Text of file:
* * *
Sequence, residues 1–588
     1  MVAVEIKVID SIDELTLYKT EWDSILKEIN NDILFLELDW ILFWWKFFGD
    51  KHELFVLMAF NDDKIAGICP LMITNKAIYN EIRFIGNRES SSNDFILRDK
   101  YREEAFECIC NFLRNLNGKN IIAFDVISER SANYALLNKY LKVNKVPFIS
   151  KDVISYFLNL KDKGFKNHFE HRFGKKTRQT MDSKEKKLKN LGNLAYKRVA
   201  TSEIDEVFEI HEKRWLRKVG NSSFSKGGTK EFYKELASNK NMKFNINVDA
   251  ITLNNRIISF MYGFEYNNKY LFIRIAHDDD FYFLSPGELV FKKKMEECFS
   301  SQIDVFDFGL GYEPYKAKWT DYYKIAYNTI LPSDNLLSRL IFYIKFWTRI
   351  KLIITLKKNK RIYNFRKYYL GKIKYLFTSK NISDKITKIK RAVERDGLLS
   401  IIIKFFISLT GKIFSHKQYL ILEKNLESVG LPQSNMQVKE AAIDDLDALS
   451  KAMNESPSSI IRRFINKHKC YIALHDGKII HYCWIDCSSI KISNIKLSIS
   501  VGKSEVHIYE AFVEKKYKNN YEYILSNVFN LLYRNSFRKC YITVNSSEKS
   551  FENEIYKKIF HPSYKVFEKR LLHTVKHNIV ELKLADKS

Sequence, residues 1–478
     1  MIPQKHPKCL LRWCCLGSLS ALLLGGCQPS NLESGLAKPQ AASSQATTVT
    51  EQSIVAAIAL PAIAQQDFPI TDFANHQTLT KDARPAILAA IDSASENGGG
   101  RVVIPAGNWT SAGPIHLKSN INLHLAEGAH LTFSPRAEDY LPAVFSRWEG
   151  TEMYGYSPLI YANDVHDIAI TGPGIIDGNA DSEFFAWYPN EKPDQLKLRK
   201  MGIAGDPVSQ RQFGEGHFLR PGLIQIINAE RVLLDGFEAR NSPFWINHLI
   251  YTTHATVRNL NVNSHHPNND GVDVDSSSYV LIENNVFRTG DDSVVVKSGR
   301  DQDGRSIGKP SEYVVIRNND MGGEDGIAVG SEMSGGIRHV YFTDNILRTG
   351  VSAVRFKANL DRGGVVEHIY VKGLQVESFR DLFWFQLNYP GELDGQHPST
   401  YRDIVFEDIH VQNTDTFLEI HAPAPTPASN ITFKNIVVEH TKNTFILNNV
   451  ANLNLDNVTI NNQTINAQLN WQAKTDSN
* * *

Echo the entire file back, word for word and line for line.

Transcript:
Sequence, residues 1–588
     1  MVAVEIKVID SIDELTLYKT EWDSILKEIN NDILFLELDW ILFWWKFFGD
    51  KHELFVLMAF NDDKIAGICP LMITNKAIYN EIRFIGNRES SSNDFILRDK
   101  YREEAFECIC NFLRNLNGKN IIAFDVISER SANYALLNKY LKVNKVPFIS
   151  KDVISYFLNL KDKGFKNHFE HRFGKKTRQT MDSKEKKLKN LGNLAYKRVA
   201  TSEIDEVFEI HEKRWLRKVG NSSFSKGGTK EFYKELASNK NMKFNINVDA
   251  ITLNNRIISF MYGFEYNNKY LFIRIAHDDD FYFLSPGELV FKKKMEECFS
   301  SQIDVFDFGL GYEPYKAKWT DYYKIAYNTI LPSDNLLSRL IFYIKFWTRI
   351  KLIITLKKNK RIYNFRKYYL GKIKYLFTSK NISDKITKIK RAVERDGLLS
   401  IIIKFFISLT GKIFSHKQYL ILEKNLESVG LPQSNMQVKE AAIDDLDALS
   451  KAMNESPSSI IRRFINKHKC YIALHDGKII HYCWIDCSSI KISNIKLSIS
   501  VGKSEVHIYE AFVEKKYKNN YEYILSNVFN LLYRNSFRKC YITVNSSEKS
   551  FENEIYKKIF HPSYKVFEKR LLHTVKHNIV ELKLADKS

Sequence, residues 1–478
     1  MIPQKHPKCL LRWCCLGSLS ALLLGGCQPS NLESGLAKPQ AASSQATTVT
    51  EQSIVAAIAL PAIAQQDFPI TDFANHQTLT KDARPAILAA IDSASENGGG
   101  RVVIPAGNWT SAGPIHLKSN INLHLAEGAH LTFSPRAEDY LPAVFSRWEG
   151  TEMYGYSPLI YANDVHDIAI TGPGIIDGNA DSEFFAWYPN EKPDQLKLRK
   201  MGIAGDPVSQ RQFGEGHFLR PGLIQIINAE RVLLDGFEAR NSPFWINHLI
   251  YTTHATVRNL NVNSHHPNND GVDVDSSSYV LIENNVFRTG DDSVVVKSGR
   301  DQDGRSIGKP SEYVVIRNND MGGEDGIAVG SEMSGGIRHV YFTDNILRTG
   351  VSAVRFKANL DRGGVVEHIY VKGLQVESFR DLFWFQLNYP GELDGQHPST
   401  YRDIVFEDIH VQNTDTFLEI HAPAPTPASN ITFKNIVVEH TKNTFILNNV
   451  ANLNLDNVTI NNQTINAQLN WQAKTDSN